The end of life is always difficult. For Lorene Cary, going through the twists and turns of hospice care and sharing her home with her grandmother was an experience that took her years to write about.
Her book, Ladysitting: My Year with Nana and at the End of Her Century, is one of those reads that once you start, you can’t put down. The paperback of Ladysitting came out in June.
It details the complexities of caregiving in the black community. Cary’s book was featured in the Big Read for the Miami Book Fair. The Big Read began in March but then was put off until June because of COVID-19.
Instead of an in-person question and answer session with Miami-Dade students, Cary did the event over Crowdcast. Her virtual conversation with Miami Times managing editor Penny Dickerson took place on Juneteenth (June 19). The sessions still are available for viewing online.
She called her book Ladysitting, which is a pun for babysitting. Her grandmother was fiercely independent, a woman who managed her own business until she was 100.
It was not an easy book for her to write — the feelings were complicated as was the experience. As anyone who has gone through hospice care, it’s awful, wonderful and important all at the same time.
“If it weren’t difficult, I wouldn’t have waited seven years to start writing about it,” Cary said. “Looking at it and trying to understand it. Life that was so complicated and difficult that takes me years to understand it. And I can’t understand it unless I actually write it.”
Cary’s grandmother moved into her house after her grandmother was released from the hospital. Her grandmother could not be sent back to her own home because she could no longer live alone. For the next year-and-a-half, Cary and her family dealt with the difficulties and wonders of living with a feisty woman who lived a consequential life.
The relationship takes center stage, interspersed with Cary’s flashbacks to her growing up years and her relationship with her family.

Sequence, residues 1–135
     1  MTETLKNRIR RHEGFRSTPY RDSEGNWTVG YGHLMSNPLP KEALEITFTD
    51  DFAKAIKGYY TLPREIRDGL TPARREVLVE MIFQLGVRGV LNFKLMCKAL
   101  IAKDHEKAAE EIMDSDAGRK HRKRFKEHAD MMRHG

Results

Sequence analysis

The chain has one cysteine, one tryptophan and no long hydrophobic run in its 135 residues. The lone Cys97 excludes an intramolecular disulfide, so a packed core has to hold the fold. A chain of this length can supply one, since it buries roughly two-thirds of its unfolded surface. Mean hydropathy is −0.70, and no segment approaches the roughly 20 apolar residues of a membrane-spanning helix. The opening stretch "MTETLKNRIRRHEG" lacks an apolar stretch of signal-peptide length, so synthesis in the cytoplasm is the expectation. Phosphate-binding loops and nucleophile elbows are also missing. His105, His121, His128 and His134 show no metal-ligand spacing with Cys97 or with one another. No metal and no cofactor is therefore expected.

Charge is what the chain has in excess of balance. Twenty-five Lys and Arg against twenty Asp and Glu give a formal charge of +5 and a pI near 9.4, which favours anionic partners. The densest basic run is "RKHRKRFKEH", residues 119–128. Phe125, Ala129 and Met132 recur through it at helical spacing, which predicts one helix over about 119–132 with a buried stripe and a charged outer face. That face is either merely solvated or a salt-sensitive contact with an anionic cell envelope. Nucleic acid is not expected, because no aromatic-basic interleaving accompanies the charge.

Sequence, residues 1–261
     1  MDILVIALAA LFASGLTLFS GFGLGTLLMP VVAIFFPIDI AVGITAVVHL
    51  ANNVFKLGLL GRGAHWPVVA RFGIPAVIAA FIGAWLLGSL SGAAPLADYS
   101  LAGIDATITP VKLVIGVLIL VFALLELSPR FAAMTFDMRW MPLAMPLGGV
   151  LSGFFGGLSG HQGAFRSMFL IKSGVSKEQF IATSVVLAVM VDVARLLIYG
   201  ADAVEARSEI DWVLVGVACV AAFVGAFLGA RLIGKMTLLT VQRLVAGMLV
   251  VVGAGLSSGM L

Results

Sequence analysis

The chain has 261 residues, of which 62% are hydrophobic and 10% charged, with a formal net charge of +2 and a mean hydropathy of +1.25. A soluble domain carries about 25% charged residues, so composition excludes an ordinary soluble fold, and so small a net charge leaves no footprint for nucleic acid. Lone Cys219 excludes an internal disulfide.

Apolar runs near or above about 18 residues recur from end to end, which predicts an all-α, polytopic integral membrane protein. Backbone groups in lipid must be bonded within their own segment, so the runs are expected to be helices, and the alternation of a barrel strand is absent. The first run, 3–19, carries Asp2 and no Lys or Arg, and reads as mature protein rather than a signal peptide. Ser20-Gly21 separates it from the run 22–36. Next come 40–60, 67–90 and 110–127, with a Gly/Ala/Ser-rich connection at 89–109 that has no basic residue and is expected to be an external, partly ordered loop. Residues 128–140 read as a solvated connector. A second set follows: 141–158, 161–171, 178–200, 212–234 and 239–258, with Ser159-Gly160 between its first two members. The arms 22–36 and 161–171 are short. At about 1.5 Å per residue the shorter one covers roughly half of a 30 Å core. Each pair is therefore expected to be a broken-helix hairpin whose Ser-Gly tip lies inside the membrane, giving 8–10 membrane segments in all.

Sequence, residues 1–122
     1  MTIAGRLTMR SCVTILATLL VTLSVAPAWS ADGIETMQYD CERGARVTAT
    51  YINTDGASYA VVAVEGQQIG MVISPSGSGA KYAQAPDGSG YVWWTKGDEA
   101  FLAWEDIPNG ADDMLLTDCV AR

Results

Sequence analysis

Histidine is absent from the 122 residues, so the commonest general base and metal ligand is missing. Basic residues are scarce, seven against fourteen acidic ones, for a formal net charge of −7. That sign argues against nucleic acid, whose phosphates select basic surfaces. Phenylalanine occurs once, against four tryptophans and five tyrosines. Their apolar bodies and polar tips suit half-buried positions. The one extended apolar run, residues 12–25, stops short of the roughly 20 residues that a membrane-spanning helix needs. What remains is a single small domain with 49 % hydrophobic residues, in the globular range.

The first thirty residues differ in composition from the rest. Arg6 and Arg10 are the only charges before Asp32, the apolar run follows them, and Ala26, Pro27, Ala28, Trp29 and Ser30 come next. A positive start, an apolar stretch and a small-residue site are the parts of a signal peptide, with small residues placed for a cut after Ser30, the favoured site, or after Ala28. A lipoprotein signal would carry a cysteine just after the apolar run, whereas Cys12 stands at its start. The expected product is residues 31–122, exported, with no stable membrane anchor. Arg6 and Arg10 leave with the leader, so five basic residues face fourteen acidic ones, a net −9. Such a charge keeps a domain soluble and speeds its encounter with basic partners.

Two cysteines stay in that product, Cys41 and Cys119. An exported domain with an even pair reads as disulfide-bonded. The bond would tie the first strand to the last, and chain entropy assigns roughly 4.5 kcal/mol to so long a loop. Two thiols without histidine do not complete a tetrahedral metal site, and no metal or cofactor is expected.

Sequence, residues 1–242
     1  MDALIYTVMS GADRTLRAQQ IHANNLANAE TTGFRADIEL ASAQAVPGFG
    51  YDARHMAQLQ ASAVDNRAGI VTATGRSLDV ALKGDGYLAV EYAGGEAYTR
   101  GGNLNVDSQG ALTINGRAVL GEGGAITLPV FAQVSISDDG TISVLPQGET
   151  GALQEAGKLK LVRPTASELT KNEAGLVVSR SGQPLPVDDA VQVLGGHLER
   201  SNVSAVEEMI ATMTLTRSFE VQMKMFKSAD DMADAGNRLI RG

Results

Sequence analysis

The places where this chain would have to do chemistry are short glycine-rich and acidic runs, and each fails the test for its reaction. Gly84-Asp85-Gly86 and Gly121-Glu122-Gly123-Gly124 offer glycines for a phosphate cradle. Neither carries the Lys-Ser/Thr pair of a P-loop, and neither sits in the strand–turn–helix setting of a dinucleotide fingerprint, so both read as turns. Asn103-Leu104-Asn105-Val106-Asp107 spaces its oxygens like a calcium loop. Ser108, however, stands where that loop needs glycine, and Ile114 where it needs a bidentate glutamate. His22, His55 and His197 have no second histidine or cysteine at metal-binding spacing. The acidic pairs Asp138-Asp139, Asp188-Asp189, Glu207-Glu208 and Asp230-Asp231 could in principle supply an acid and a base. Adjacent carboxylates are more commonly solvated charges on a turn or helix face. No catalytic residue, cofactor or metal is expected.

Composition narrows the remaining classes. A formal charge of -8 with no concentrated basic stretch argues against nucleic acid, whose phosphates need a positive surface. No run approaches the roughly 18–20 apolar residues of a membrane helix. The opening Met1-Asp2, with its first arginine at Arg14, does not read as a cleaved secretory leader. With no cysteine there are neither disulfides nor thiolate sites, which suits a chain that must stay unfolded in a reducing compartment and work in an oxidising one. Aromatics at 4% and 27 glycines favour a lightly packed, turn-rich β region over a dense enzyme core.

“This is101 years of Nana’s experience of herself, her idea of race, the life she brought with her,” Cary said.
In writing the book, Cary learned more about her Nana’s father, who was secretary to Congressman George White, the last African American congressperson in 1902, after all the enthusiastic black voting was brought to a halt.
While Cary’s book is told from a black perspective, the emotions are universal. Being a caretaker is a difficult experience.
“Today, 54 million Americans are taking care of someone who is either on hospice or disabled.,” Cary said.
Marci Cancio-Bello, Miami Book Fair program coordinator said anyone can go back and watch Cary’s talk. The talk will remain on the Miami Book Fair website indefinitely.
“She’s a smart woman and excellent writer and a great storyteller,” Cancio-Bello sai .
Cary is the author of several books, including the memoir Black Ice, three novels, a book for young readers and a play, My General Tubman, which came out in January but had to close in March because of COVID-19.
She now is working on a project to increase the youth vote via social media, websites and blogs.
You can see Cary’s events by going to
Crowdcast at www.crowdcast.io/e/a-virtual-evening-with-lorne-cary orFacebook at www.facebook.com/MiamiBookFair/videos/727089194785827/.